Dan Chiasson gets a sandwich
Poet and critic Dan Chiasson is blogging this week over at the Paris Review's "Culture Diaries." Good eating tips and some poetry:
9:30 A.M. I meet the students in this storied room, where Robert Lowell once taught (he wrote a great poem about teaching at BU and living a few blocks away, “Memories of West Street and Lepke”). Lots of stuff comes up: Frank O’Hara and James Schuyler, the online virtual world Second Life, Chris Marker’s film La Jetée, James Bond—two hours, and the list could be ten times as long. One nice thing about poetry: Anything and everything is its subject.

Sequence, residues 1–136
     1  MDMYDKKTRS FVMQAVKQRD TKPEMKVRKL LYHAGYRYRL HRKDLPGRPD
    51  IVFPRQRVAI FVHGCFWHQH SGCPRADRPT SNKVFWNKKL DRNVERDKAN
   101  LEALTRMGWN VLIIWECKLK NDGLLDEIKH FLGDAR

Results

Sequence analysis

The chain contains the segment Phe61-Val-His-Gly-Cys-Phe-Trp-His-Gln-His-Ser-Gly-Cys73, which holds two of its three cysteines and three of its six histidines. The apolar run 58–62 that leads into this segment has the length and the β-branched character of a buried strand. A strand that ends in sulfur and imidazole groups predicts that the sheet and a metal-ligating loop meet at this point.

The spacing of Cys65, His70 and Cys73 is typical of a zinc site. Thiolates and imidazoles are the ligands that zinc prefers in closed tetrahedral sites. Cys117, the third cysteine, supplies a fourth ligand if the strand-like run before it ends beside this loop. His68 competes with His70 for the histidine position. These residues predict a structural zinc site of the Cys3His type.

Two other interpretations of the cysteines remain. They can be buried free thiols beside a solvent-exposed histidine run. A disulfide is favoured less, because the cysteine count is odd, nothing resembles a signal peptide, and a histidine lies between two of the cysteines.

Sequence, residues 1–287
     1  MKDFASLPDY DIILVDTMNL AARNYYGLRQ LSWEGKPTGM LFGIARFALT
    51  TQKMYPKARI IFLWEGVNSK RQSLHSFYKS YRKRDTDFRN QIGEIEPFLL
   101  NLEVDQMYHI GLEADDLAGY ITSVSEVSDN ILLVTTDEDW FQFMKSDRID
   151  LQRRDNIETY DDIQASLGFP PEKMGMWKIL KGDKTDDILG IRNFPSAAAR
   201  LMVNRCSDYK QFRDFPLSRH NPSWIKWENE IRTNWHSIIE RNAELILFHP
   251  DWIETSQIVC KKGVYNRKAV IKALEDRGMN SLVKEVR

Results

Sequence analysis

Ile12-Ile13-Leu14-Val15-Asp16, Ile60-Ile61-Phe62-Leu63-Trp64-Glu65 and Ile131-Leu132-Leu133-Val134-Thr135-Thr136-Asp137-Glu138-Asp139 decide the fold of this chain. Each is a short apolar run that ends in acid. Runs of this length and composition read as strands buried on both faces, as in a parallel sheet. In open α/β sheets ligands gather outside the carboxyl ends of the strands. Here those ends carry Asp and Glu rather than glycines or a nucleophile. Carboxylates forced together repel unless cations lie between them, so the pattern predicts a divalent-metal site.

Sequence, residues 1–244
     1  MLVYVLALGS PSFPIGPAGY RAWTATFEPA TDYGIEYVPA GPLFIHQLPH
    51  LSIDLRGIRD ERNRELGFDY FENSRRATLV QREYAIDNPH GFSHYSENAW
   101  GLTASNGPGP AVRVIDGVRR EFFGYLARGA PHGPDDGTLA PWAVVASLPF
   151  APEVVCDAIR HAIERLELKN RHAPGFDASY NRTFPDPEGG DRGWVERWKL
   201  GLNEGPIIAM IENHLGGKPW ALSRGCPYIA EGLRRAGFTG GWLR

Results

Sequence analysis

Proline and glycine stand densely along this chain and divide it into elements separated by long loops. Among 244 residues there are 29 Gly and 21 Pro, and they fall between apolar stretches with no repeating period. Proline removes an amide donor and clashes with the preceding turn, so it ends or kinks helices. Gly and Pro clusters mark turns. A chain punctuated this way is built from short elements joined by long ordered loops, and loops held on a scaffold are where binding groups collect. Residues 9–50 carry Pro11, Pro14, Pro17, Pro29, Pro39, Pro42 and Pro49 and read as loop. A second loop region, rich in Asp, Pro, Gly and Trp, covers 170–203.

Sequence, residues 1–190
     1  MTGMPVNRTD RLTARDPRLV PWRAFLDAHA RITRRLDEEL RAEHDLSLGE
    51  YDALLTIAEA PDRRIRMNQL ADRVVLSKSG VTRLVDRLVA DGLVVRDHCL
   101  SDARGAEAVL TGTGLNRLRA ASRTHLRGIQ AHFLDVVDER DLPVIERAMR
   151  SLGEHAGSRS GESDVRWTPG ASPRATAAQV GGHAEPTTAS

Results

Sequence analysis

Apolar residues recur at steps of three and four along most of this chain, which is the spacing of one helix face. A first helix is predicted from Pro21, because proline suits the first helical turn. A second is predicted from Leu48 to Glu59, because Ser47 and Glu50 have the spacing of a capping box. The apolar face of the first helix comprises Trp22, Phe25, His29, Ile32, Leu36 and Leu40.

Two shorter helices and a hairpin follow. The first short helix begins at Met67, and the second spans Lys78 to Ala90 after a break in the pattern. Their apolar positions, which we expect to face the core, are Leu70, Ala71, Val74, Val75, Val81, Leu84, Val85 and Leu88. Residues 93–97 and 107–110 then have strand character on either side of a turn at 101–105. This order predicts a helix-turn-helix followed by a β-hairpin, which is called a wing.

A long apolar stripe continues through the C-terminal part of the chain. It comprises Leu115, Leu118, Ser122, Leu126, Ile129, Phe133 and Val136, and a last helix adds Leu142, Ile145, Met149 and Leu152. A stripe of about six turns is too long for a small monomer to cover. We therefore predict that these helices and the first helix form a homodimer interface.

12:00 P.M. I get a sandwich at a remarkable place in Brookline Village. My friend Katie told me about it. Go for the ham and piemento. In the car, I keep switching between an interview with Ann Beattie on a local NPR show called Hear and Now (I’ve never read Beattie, but I like the way she talks about her work) and the morons on WTKK, Boston’s Talk Radio Revolution. I like listening to talk radio. I like argument almost for its own sake. But the white guy anger really disturbs me. I’ve noticed more and more I’m getting shouted at and otherwise roughly handled by men in big trucks behind me on the road (must be my Bernie Sanders bumper sticker, or perhaps my general air of being a privileged weenie). Often these guys are in the trades, and their drywall or plumbing business is advertised right on their trucks. Now, is that any way to drum up business?